The United States in the 19th century

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The United States was a country in the 19th century. During this time it grew from 17 states to 45 states. The year was from 1801 till 1900 in the Gregorian calendar. States like Utah, Illinois and Mississippi were added to the United States. There were 22 presidents. The Industrial Revolution was still going on. The first skyscraper was built and the White House became the home of the President of the United States. There was a war with Great Britain in 1812. In 1866 Alfred Nobel invented dynamite. The sport of Basketball was invented. In 1829, William Austin Burt patented a machine called the "Typographer" which many consider the first typewriter. The 19th century also saw the Great Chicago Fire. New York City was hit by the Great September Gale of 1815.

Presidents in the United States 19th century[change | change source]

Thomas Jefferson

The United States of America had 22 presidents in the 19th Century. Thomas Jefferson was the third President of the United States.[1] He was the first elected president of the 19th century.[1] The last one was William McKinley.[2] McKinley started the presidency in 1897 and he left his presidency in 1901 which is just after the 19th century. All these presidents in the 19th century lived in the white house.

Thomas Jefferson[change | change source]

Abraham Lincoln

Thomas Jefferson was born on the 13th of April in 1743. His parents were Jane Randolph Jefferson and Peter Jefferson. His brothers were Peter and Randolph. His sisters were Jane, Mary, Elizabeth, Marta, Lucy and Anna. He was a member of the Democratic-Republican Party. He was president from 1801 till 1809. He died on July 5, 1826 and was buried at Monticello.[3]

Abraham Lincoln[change | change source]

Abraham Lincoln was born on 12 February 1809. This was while Thomas Jefferson was president. He was the second child of Thomas Lincoln and Nancy Lincoln. He was born in the state of Kentucky. Lincoln married Mary Todd. His children were Robert, Edward, Willie and Tad. Lincoln belonged to the Whig Party and later the Republican Party. He was assassinated while still in office.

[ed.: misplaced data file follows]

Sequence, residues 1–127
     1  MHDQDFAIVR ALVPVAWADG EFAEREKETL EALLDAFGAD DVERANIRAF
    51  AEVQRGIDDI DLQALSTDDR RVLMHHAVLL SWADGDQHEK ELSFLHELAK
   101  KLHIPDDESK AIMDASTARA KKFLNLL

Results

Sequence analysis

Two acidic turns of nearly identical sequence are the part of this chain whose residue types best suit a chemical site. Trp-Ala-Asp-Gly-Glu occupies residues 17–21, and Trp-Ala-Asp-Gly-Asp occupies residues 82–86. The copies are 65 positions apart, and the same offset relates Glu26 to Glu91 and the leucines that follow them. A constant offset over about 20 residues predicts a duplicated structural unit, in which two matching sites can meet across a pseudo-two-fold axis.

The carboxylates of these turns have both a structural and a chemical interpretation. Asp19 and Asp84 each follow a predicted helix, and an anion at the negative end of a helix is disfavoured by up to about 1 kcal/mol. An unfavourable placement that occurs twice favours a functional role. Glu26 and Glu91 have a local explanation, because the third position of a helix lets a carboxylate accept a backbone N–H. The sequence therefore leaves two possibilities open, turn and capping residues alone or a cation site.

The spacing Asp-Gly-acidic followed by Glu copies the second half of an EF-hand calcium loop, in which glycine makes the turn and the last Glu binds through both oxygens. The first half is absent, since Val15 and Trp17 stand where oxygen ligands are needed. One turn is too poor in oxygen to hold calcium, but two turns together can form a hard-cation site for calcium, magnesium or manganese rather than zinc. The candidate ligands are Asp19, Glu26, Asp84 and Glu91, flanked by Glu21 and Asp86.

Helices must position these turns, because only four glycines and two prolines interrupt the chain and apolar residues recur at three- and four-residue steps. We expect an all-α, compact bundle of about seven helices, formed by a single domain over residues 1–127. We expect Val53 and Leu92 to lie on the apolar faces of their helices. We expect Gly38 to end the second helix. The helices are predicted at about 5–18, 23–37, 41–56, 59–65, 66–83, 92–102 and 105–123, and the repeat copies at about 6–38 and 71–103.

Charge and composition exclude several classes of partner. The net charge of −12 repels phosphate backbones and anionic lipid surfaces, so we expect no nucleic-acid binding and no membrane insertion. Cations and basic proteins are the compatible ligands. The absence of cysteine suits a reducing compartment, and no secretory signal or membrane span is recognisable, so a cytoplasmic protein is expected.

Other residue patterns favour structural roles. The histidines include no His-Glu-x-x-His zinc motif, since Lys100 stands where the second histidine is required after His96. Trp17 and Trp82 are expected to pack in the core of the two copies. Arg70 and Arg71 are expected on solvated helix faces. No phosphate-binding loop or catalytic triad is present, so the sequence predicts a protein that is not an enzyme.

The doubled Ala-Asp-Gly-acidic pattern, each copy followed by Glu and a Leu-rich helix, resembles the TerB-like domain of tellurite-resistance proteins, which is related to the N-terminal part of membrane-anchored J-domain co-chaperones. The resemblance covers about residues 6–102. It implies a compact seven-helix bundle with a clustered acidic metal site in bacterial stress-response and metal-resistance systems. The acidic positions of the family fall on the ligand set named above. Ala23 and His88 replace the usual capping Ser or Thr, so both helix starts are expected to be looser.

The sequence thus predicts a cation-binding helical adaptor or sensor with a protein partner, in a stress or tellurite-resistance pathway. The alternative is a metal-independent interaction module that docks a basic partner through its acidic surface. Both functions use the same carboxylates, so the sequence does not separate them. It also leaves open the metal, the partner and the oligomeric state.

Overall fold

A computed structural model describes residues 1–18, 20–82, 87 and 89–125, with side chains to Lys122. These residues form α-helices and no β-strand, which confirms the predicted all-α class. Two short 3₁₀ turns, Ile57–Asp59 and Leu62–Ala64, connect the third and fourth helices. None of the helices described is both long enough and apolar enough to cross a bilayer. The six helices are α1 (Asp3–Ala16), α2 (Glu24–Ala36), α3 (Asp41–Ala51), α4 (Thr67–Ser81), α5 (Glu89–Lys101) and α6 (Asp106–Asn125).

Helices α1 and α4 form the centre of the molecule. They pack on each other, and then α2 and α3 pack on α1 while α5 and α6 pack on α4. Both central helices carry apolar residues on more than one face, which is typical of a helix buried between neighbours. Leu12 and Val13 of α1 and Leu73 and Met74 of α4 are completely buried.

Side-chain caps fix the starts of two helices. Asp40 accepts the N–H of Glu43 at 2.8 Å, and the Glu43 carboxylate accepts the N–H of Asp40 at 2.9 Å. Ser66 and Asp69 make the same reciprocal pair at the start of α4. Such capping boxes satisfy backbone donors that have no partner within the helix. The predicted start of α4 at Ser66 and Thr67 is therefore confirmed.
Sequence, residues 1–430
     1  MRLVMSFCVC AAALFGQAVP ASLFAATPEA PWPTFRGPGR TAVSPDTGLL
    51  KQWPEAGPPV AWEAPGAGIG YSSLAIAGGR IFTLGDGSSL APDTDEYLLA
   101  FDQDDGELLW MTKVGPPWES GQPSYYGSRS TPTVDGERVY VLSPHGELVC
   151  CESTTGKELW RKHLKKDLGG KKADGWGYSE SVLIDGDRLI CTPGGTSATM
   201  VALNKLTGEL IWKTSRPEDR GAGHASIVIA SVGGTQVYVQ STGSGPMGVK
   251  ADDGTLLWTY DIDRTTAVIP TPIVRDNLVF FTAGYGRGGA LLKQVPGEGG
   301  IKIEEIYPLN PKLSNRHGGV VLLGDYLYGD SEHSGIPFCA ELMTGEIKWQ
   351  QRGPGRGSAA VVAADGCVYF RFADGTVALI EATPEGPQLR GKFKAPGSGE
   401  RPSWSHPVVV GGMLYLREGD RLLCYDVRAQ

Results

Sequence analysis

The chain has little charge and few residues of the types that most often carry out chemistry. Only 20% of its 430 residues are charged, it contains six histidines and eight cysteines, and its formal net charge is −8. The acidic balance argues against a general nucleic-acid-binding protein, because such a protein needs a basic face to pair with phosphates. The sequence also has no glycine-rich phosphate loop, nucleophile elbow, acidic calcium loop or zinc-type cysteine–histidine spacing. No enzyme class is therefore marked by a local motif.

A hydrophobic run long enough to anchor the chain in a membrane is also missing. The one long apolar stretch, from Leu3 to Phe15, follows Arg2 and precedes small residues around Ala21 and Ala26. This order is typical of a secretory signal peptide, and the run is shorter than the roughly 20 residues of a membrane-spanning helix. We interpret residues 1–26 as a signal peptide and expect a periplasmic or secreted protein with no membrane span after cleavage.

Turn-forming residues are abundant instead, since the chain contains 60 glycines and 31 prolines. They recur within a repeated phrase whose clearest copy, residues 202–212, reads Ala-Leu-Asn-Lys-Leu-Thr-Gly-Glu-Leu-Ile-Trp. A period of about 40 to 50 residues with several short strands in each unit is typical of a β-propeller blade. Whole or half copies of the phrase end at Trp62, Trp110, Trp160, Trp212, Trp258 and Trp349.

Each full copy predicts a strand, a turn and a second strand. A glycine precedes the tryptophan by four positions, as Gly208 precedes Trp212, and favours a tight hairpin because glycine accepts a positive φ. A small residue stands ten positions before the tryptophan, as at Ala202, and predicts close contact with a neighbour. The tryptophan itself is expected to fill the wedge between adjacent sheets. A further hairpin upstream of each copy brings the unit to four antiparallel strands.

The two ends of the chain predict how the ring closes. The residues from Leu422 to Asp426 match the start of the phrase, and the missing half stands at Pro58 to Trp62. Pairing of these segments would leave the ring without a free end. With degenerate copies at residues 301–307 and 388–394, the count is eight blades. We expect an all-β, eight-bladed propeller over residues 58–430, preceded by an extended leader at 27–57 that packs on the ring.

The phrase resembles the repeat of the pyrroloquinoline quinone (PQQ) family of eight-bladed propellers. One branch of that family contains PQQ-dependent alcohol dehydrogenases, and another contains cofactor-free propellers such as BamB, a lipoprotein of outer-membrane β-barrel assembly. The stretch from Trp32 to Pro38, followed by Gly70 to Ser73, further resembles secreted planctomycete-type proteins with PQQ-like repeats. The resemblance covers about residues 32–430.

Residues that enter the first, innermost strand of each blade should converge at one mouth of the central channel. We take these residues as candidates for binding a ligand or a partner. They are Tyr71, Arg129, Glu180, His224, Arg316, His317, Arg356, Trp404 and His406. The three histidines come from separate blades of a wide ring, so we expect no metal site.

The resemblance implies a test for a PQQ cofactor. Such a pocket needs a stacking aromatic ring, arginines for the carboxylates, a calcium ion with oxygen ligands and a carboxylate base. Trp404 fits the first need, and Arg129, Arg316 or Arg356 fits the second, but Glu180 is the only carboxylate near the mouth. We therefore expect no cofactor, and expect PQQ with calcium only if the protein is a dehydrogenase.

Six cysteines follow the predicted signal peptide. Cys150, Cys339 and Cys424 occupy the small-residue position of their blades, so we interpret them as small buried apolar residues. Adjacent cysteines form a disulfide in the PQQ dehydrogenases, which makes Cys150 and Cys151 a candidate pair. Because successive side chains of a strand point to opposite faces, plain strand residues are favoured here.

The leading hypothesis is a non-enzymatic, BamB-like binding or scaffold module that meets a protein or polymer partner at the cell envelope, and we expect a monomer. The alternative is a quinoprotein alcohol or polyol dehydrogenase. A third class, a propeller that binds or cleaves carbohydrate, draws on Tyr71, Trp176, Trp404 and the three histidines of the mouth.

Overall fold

Martin van Buren[change | change source]

Martin van Buren was born on December 5, 1782. He was born in Kinderhook, New York, US. His father was Abraham van Buren and his mother was Maria Hoes van Alen van Buren. His ancestor Cornelis van Buren had come to the United States in 1631 from the small city of Buren. Martin is the only president who has spoken English as a second language. His political party was called the Free Soil Party. Martin was president from 1837 till 1841. He died on July 24, 1862.

James Monroe[change | change source]

James Monroe was born on April 28,1758 in Virginia. His parents were Spence Monroe and Elizabeth. James Monroe married Elizabeth Kortright. Their children were Eliza, James and Maria. He died on July 4, 1831 in New York City. He was then 73 years old.

The Industrial Revolution[change | change source]

The transition from an agricultural to an industrial economy took more than a century in the United States, they lagged far behind their mother country, England. The Industrial Revolution started around 1750 in England, and fifty years later in the United States. This was because there was a lot of land to work on, but there was too less labour to do that. The industrial machines were expensive.

Samuel Slater[change | change source]

The start of the Industrial Revolution in America is caused by Samuel Slater, who built the first industrial mill in the United States around 1790. His cotton mill looked a lot like the British mill. But through this mill, the speed with which cotton thread could be spun into yarn was greatly increased.

Another cause of the rapidly changing economy were the new organizational strategies to increase the speed to make the products. This reformation was especially important for the shoe and boot industry. Were first the most products were made by hand.

Cotton Mill Industry

But the most important change was the “Factory System” where products were produced on a large scale and then one specific product, but they needed people to operate the machines. A group of businessman called the Boston Associates recruited thousands farm girls from New England to operate the machines in the new factories.

Lowell[change | change source]

One of the most known mill towns was Lowell, Massachusetts, which opened in 1823. The use of a female factory workers had advantages to both employer and employee. The Boston Associates preferred the young girls because they paid young girls less than men. These female factory workers were often called: Lowell Girls, named to the place Lowell.

References[change | change source]

  1. 1.0 1.1 Elizabeth Jewell, U.S. Presidents Factbook (New York: Random House Reference, 2005), pp. 1746–1753
  2. Robin Santos Doak, William McKinley (Minneapolis: Compass Point Books, 2004), p. 6
  3. "Jefferson's Funeral". Monticello.org. Retrieved 29 August 2014.

Other websites[change | change source]